I have praised the food prepared by chef/owner Nelson Yip on previous occasions and for good reason…he is a class all to himself. He is fanatical about procuring only the freshest and highest quality ingredients available. To that end he receives 3 shipments of fresh fish from Japan weekly and is equally stern about the quality of all other ingredients he purchases locally. His wild mushroom soup is easily the finest and most flavorful version I have ever had. I used to order it on almost every visit, but that stopped about 6 months ago when he removed the soup from the menu due to the fact that his supplier was mixing poor quality mushrooms in with the case of the high quality varieties he expects. Rather than substitute inferior quality ingredients, he has removed the soup from the menu. The man is serious about the quality of what he serves. The food and wine service, under the direction of Alice and company is first glass. Highlights from our meal included.
Clam Sake Soup. Tender little nick clams swim in a jalapeño pepper based broth that is perfectly balanced between the brininess of the fish broth and heat of the jalapeños. An amazing dish.
Hamachi Yuzu with Summer Truffle. The freshness of the fish and subtlety of the flavors make this as addictive as any sashimi I have ever had.
"Lollypop" Shrimp. Large wild shrimp are fashioned into a circle, the center of which holds a bit of crab meat to the center before being coated with Panko bread crumbs, skewered and deep friedThe resulting "lollypop" is crunchy and greaseless and served with a lightly spiced dipping sauce made from chilis, tomatoes, onions and parsley. In combination, the sauce and shrimp throw a party in your mouth.
Berkshire Pork Goyoza. Nelson takes the pan-fried dumplings to new heights in this preparation. The incredibly light dumpling wrappers are made in house and stuffed with a minced pork stuffing made from wild boar procured from Berkshire Farms. Lightly pan-fried, they are delicious and a far cry from the thick and doughy versions found at most other spots. I never asked what he makes the dipping sauce with, but it is the perfect foil for these heavenly pillows of pleasure.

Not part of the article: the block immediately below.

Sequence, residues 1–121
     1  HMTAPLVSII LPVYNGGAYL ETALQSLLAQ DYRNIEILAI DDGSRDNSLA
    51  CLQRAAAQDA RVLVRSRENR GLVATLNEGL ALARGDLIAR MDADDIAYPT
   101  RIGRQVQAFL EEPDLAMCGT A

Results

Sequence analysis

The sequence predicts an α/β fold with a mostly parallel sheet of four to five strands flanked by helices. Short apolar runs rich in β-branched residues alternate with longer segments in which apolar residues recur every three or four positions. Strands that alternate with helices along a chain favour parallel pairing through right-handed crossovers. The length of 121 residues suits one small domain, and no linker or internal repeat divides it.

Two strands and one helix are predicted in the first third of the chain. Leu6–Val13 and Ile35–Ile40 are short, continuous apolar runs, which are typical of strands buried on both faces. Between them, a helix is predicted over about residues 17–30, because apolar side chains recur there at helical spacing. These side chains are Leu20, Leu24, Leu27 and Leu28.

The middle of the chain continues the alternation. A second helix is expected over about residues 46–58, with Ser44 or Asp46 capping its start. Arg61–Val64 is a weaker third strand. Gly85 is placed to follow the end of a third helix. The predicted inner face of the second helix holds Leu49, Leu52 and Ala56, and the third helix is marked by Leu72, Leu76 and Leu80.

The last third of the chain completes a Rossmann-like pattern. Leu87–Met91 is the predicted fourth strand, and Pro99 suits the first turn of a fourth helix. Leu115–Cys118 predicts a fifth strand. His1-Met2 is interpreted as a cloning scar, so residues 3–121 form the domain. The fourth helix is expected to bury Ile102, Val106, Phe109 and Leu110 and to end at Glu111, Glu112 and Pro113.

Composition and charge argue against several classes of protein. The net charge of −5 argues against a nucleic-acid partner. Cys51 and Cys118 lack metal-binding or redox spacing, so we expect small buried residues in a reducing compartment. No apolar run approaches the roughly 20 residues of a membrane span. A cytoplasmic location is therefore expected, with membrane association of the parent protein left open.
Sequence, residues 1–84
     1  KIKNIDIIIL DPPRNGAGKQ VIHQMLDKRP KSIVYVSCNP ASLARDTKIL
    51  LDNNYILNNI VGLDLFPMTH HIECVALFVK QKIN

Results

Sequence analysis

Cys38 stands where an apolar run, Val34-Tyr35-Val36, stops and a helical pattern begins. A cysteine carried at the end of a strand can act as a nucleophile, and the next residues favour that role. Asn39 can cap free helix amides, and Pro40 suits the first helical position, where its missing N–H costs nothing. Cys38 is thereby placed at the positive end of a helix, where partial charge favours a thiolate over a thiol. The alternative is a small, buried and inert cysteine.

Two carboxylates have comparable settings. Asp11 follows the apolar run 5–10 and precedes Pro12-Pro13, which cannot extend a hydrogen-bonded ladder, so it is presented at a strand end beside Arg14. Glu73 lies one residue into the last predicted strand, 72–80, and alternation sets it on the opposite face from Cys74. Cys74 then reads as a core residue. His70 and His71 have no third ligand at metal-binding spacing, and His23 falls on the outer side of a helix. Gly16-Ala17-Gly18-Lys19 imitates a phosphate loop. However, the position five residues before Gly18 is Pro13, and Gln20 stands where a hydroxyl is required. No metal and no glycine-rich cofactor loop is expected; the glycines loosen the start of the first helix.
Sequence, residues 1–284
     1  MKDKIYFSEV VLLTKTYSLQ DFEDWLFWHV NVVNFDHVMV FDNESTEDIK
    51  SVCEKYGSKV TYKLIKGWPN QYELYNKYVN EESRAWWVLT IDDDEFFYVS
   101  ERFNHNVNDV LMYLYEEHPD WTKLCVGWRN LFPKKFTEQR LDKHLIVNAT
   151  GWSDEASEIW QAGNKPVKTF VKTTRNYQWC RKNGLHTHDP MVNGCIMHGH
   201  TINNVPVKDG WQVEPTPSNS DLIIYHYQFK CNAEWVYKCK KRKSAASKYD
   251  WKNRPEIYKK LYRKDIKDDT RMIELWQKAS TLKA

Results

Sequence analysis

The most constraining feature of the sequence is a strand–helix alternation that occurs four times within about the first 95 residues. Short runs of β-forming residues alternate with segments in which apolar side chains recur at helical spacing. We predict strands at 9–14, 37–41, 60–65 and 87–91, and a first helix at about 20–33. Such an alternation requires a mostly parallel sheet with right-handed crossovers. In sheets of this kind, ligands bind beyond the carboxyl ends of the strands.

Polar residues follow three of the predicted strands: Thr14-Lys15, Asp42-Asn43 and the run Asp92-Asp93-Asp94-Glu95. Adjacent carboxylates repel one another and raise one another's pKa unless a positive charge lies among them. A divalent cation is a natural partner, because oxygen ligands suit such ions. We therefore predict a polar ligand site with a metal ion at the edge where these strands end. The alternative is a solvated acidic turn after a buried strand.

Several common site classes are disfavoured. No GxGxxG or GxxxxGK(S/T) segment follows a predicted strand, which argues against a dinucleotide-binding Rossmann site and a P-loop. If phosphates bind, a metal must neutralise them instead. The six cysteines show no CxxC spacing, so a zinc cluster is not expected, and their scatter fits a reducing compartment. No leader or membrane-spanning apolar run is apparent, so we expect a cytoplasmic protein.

Wabi Sabi Chicken. Nelson’s version of General Tso Chicken will open your eyes as to how good this dish can be. He only uses white meat, which he soaks in ice water overnight before doing his magic in the Wok. The chicken is cooked to a moist and greaseless perfection that will have you applauding the dish with your chopsticks.
Sushi and Sashimi Platter.
Fried Spicy Rock Shrimp. These amazing crustaceans are lightly fried and served in a spice mayo-based sauce.
Emil started us with a 375 ml bottle of 2002 Domaine Huet Le Haut-Lieu Demi-Sec Vouvry. Since 1928 Vouvray’s Domaine Huet has set the standard year after year for great age-worthy Chenin Blanc. The estate produces some of the world’s most compelling white wines in a remarkable range that spans sparkling, dry, semi-dry, and breathtaking dessert styles. The Le Haut-Lieu vineyard was Victor Huet’s first vineyard around which the domaine has grown, but in the 21st century. Initially just 3 hectares, the vineyard saw more planting, broadening out so that today it covers 9 hectares. The estate also acquired Le Mont, an 8 hectare vineyard in 1957, and the Clos du Bourg, a 6 hectare site was purchased not long afterwards, in 1963. These three vineyards are the core of the Huet domaine, each yielding rich fruit and an array of styles, from sec and demi-sec to moelleux and moelleux premier trie.
Since 1989, the estate has also produced this magical, botrytized dessert wine selected from one, two or all three vineyards. When made, the Cuvée Constance (named for Gaston’s mother) ranks among the world’s greatest dessert wines.
Tonight’s wine displayed a very expressive nose of white fruits and a full rich palate. It is a beautiful wine that is drinking very well at the present time and should continue to do so for at least another decade.
2014 Quintarelli Secco Ca’ Del Merlo. Quintarelli is known for his stunning Valpolicella, Amarone and Ricotto red wines. Less known, but as compelling as his reds, is this white wine blend of Garganega, Trebbiano Toscano, Sauvignon Blanc, Chardonnay, Saorin grapes. The wine exhibited terrific depth and balance and finished with considerable length.
2015 Maison Lucien Le Moine Chassagne Montrachet Les Caillerets Premier Cru. Lucien Le Moine is one the most exciting Burgundy producers to come along in the last few years. Mounir Saouma and Rotem Brakin bottled the first wines of their negociant firm in 1999 and are already receiving rave reviews from the top critics. They do not grow any of their own grapes but have managed to earn the favor of excellent growers in the best Premiers and Grands Crus.
Both reds and whites are aged on 100% of their lees, with a gentle batonnage (stirring) three or four times a month. Their cellar is naturally cold and they are able to extend malolactic fermentation late into summer. They use CO2 whenever possible to minimize the use of SO2. After the malolactic fermentation is complete, they taste each barrel twice a month until it is ready to be bottled. The wine is then racked and bottled without either fining or filtration in order to preserve the character of the wine.
Tonight’s wine, the consensus WOTN of the group, was refined and classy with terrific acidity and minerality. The wine at this young age drinks beautifully and has the pedigree to age effortlessly for a couple of decades.
Great job by Emil on his wine selection and Nelson on the food.